The relationship between platforms and publishers is rapidly changing, too. Meta has all but announced its parting ways with the news after its decision to lay off some of its most prominent news partnership employees, such as David Grant and Dorrine Mendoza, in last week’s layoffs that affected about 13 percent of its total workforce. While Google continues to funnel money into its news initiatives–especially in partnership with Local Independent Online News (LION) Publishers for their Startups Labs, Sustainability Audits, and other programs–the shifting winds show continued platform support is far from guaranteed.
Striking a more cynical tone, former CRTC president Menzies argued that, “Bill C-18 might keep the wolves from the door of a few legacy companies for a few more years, but it won’t save journalism, and while the amount of money involved may keep some from starving, it will still leave most hungry, needy, and assumed to be grateful.”
Others drew the focus back to why meaningful legislation was created in the first place.
“This legislation must not be about publishers; it must be about the public,” said Ben Scott, Director of the Reset, in a mid-October hearing. “Too much of this debate plays out as if the government were simply refereeing a contest between big tech and big publishers. That’s wrong.” He continued that, “these aren’t just failures among industries; this has hastened the destruction of public service journalism, in ways that really undermine democratic integrity.”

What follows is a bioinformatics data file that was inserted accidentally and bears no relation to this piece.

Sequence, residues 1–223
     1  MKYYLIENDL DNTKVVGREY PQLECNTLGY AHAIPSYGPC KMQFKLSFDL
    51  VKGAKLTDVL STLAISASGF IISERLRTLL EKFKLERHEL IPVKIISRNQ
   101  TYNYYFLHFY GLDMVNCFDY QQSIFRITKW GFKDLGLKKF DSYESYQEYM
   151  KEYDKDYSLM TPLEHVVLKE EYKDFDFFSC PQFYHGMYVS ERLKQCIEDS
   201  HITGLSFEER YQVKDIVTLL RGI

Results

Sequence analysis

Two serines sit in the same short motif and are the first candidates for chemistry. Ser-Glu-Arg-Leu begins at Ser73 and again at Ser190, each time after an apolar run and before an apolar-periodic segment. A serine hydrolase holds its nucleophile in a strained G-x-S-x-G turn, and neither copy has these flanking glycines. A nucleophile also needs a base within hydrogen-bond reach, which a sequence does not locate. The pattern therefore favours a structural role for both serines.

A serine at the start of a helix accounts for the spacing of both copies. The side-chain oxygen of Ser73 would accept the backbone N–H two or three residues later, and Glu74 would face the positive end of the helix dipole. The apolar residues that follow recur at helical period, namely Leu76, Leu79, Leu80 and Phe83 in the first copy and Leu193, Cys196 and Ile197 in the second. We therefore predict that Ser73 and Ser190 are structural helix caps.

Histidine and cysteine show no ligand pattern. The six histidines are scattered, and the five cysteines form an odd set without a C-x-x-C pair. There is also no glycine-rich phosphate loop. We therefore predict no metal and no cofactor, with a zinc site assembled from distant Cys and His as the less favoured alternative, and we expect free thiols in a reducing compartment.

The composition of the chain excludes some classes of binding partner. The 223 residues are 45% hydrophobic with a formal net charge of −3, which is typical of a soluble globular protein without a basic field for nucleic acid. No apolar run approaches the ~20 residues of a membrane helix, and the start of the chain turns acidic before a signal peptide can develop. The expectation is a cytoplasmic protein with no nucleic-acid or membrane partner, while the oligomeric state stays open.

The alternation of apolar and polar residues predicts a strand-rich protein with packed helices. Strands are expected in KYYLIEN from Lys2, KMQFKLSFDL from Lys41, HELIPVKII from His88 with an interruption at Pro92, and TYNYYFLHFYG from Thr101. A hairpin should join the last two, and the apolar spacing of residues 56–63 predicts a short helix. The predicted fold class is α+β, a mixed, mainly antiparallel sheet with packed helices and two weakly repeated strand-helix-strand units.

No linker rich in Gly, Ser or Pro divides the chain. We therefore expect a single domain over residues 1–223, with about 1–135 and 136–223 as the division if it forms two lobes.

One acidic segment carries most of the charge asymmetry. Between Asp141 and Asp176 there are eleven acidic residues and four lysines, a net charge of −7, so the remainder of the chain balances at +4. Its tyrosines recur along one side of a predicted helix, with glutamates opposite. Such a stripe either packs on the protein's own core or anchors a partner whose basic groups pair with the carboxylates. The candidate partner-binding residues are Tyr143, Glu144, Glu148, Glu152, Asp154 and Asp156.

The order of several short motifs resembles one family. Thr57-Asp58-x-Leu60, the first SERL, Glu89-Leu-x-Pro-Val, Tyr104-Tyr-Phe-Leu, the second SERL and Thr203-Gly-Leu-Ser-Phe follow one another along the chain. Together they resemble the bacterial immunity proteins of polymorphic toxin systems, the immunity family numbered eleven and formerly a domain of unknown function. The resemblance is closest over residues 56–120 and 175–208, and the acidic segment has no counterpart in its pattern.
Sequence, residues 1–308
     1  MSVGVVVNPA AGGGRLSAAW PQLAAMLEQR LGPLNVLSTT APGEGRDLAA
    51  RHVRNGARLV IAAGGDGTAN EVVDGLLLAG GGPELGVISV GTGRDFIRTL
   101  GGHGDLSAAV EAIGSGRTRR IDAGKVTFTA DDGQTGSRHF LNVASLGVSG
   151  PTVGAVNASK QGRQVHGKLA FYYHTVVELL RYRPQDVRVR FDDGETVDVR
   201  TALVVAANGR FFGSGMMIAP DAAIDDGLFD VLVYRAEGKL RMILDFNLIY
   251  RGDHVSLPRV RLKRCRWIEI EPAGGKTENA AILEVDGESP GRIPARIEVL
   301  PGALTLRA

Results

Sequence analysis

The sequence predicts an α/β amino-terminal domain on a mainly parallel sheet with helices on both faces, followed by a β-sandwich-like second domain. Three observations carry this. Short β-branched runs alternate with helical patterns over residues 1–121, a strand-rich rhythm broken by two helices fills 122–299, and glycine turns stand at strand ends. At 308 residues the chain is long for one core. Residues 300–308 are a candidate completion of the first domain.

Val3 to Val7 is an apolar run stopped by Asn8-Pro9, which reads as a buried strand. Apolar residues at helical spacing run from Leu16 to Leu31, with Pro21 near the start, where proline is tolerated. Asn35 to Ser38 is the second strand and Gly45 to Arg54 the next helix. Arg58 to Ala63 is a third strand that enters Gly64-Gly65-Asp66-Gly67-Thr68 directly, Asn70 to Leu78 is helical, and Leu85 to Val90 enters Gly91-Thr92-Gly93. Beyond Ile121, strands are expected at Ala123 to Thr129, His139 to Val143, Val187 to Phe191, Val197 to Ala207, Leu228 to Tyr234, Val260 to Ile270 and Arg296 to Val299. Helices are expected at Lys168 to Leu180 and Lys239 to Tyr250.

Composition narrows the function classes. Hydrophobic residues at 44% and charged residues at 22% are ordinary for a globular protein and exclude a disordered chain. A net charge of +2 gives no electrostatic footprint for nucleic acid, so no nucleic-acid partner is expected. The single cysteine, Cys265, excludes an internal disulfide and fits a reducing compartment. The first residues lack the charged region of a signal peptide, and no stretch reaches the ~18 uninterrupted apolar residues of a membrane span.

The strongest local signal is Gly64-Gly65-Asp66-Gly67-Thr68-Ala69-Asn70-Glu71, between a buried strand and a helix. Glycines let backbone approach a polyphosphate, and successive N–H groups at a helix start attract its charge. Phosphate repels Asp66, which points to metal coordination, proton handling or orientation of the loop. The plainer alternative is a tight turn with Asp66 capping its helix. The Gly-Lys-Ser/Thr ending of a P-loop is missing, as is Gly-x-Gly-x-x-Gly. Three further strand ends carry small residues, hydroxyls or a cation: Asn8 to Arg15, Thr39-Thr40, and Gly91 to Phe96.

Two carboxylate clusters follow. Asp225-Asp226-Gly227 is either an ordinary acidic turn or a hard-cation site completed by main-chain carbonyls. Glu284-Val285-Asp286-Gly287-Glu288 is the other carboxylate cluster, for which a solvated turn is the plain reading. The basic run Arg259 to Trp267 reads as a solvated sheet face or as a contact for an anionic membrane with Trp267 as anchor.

What’s next for the Online News Act is, for now, not entirely clear. The Standing Committee on Canadian Heritage has finished calling witnesses, and Friday they will begin going through Bill C-18, clause-by-clause, before heading to the report stage.
Justin Smith and Ben Smith are not related, nor did it seem likely that they’d ever become partners; the first time they met, it didn’t go so well. It was 2008, at Big Nick’s Burger Joint & Pizza Joint Too,…